Newsletter no. 12 – Thursday 26 August, 2021
This is the web-based version of Stretch Therapy Newsletter no. 12
Spinal extension – passive back bends
These three exercises can reverse many of the negative effects of ageing: stoop, head forward posture, 'academic' or 'dowager's' hump, rounded shoulders, decreased lung capacity ... you get the drift. These are anti-ageing, in other words. Adding one of the hip flexor exercises completes the package, in terms of working the fascial front line.
One of the other most noticeable effects of ageing is an overall stiffness and lack of fluidity in movement. We have found that once the spine lengthens, it arranges itself more efficiently in line with the pull of gravity, and less effort is required in all daily life movement – this is experienced as grace and ease.
The exercises are also major fascial releases, as well, and as we work deeper in this area, we have come to believe that the 'best bang for the buck’ (in the sense of results gained for time spent) exercises are the ones that load, or work, more of the fascia at one time than more specific exercises.
As soon as you experience the wonderful feeling of alignment that comes from doing the three, you won't need any evidence or argument, though: it just feels great to do. Please pay close attention to the details for best results.
Solo back bend: open your chest and straighten your upper back
In this video, Kit demonstrates a solo back bend over a purpose-built device, the "baby whale", but any firm rounded surface (like the end of a couch) can be used. If you are a bit stiffer than he is, a tightly rolled beach towel on the floor works beautifully to start the process.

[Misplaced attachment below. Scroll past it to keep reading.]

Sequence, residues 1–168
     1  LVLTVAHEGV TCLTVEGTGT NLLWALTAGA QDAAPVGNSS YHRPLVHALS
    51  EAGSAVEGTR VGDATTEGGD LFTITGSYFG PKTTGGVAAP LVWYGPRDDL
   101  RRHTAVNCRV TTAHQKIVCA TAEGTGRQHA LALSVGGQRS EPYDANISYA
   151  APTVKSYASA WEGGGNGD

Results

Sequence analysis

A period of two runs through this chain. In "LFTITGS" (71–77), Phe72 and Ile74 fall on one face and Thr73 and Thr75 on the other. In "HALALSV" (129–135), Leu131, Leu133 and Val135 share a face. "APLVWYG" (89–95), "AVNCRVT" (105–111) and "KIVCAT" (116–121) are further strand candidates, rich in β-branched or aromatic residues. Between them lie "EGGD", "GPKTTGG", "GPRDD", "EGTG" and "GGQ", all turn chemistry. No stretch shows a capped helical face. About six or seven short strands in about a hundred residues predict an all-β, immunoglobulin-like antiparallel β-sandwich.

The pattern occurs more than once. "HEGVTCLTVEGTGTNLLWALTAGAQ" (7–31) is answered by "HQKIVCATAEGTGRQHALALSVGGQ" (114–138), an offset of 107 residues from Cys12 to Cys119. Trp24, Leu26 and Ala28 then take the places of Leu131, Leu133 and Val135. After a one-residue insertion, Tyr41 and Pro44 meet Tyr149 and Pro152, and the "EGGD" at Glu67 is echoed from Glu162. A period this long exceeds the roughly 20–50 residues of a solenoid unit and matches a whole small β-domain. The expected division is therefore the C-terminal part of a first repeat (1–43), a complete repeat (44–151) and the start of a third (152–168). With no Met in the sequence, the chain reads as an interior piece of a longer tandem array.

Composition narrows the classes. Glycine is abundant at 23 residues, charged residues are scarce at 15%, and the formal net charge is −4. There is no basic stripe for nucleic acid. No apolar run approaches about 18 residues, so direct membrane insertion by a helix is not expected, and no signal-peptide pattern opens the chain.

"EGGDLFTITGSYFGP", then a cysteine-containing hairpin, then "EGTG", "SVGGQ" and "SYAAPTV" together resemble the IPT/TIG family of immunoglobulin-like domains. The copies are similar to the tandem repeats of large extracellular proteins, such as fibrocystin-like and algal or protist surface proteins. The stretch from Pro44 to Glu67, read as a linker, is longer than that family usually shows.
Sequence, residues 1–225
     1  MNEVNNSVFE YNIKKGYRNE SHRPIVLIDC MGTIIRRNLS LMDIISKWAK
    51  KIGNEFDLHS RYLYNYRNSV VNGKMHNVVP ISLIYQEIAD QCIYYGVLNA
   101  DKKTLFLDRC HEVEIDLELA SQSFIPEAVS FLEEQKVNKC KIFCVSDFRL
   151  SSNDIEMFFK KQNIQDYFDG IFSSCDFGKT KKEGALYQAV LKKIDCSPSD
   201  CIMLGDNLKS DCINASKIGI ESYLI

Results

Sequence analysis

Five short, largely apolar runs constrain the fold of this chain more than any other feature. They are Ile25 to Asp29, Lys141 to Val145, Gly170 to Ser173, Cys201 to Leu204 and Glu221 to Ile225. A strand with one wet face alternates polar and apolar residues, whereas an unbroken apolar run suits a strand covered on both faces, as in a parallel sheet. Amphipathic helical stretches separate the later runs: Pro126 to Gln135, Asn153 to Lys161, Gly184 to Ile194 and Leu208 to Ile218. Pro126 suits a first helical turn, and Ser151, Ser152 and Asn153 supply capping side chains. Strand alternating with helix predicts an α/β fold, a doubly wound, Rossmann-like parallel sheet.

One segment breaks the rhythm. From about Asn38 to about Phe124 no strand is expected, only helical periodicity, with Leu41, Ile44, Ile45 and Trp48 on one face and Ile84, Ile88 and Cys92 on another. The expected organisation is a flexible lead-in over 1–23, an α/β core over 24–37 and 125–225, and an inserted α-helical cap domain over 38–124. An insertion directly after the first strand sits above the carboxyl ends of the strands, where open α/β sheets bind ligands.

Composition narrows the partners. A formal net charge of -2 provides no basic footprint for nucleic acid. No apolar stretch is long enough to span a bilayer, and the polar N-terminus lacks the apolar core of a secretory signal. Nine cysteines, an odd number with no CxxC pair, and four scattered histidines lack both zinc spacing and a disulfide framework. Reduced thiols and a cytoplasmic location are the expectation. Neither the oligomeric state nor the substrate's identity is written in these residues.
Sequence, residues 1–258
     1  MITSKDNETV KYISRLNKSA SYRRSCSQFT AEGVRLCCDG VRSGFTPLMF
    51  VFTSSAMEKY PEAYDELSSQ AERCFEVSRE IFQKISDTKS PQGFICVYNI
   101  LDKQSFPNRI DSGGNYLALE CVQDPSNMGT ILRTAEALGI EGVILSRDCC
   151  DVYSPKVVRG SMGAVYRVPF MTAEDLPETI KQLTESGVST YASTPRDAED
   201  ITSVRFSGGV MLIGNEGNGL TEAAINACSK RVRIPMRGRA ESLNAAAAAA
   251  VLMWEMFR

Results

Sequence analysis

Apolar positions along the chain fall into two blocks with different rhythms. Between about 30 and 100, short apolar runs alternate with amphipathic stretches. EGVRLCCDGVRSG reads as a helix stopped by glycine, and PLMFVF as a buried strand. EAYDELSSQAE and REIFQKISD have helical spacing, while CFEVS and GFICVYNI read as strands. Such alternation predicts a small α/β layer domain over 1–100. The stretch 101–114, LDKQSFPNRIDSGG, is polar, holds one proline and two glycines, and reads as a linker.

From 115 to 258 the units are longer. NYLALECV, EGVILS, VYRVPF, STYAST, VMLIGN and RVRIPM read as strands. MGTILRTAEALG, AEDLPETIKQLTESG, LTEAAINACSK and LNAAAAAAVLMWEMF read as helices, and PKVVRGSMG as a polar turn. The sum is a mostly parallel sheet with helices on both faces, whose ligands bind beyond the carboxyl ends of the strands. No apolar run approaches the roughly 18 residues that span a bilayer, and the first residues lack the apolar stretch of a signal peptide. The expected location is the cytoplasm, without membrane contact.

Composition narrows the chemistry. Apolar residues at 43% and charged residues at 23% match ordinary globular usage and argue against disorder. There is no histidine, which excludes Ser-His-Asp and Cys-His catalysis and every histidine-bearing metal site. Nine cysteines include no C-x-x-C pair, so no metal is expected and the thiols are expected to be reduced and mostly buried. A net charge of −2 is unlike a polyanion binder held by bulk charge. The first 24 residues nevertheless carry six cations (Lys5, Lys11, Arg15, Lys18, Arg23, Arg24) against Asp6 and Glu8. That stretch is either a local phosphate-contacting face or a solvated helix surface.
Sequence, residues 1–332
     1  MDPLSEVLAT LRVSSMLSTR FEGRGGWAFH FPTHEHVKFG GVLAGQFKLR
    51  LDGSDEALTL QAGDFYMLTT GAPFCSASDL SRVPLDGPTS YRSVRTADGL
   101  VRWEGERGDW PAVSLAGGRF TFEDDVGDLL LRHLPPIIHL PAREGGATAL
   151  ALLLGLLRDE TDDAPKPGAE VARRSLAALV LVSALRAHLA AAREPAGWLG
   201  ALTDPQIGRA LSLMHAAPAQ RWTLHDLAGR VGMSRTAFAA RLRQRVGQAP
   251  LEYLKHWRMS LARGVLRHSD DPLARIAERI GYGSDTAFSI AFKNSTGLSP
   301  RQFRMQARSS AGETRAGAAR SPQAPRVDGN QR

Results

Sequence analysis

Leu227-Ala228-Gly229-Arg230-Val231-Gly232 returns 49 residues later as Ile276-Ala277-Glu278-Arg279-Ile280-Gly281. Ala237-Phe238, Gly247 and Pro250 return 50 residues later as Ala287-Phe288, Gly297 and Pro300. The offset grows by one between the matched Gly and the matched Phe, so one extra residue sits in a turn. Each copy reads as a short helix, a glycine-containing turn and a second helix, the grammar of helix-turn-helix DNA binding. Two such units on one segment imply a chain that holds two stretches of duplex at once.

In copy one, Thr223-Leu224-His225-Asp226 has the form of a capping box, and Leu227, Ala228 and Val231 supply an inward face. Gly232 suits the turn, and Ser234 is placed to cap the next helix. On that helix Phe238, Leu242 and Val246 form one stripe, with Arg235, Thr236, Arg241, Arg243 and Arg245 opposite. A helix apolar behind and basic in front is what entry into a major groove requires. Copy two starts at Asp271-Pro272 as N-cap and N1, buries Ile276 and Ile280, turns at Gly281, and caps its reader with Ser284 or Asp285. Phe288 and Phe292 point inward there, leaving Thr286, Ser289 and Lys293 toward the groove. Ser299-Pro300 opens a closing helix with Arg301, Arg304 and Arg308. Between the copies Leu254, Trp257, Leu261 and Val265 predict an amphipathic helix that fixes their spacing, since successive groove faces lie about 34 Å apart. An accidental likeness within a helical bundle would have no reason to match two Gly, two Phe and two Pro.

The key is to let your body mould slowly over the working surface; don't force anything.
The keys to this are two: letting the whole body go completely limp, and breathing normally. Move your awareness from one to the other, and back again, and before you know it, this area of the body will have opened.
Piano stool back bend
The beauty of this back bend is that it allows accurate targeting of two, or three, vertebrae at a time – if you know where your back is stiff, you can use this exercise to target that spot precisely. The addition of rotation, and a shift of the hips and legs away from a single hand hold, winds on a fantastic fascial dimension. You do not need ladder bars as shown in this video; any support (like a heavy table) behind you can be used the same way.
Partner back bend over support
This is the Rolls Royce of passive back bends. Kit is applying traction to Olivia's shoulders by leaning back from where she is gripping his thigh, and he is gripping the fascia “sleeves” of her arms, and Dave** is applying traction to all the superficial fascia over her ribs in the opposite direction to Kit's force. Her whole spine is being lengthened and all the fascia on the front line of the trunk is too, as a result. Dave's hands also provide tactile cues for Olivia to direct her breathing into those parts of the chest and ribs.
A note from a student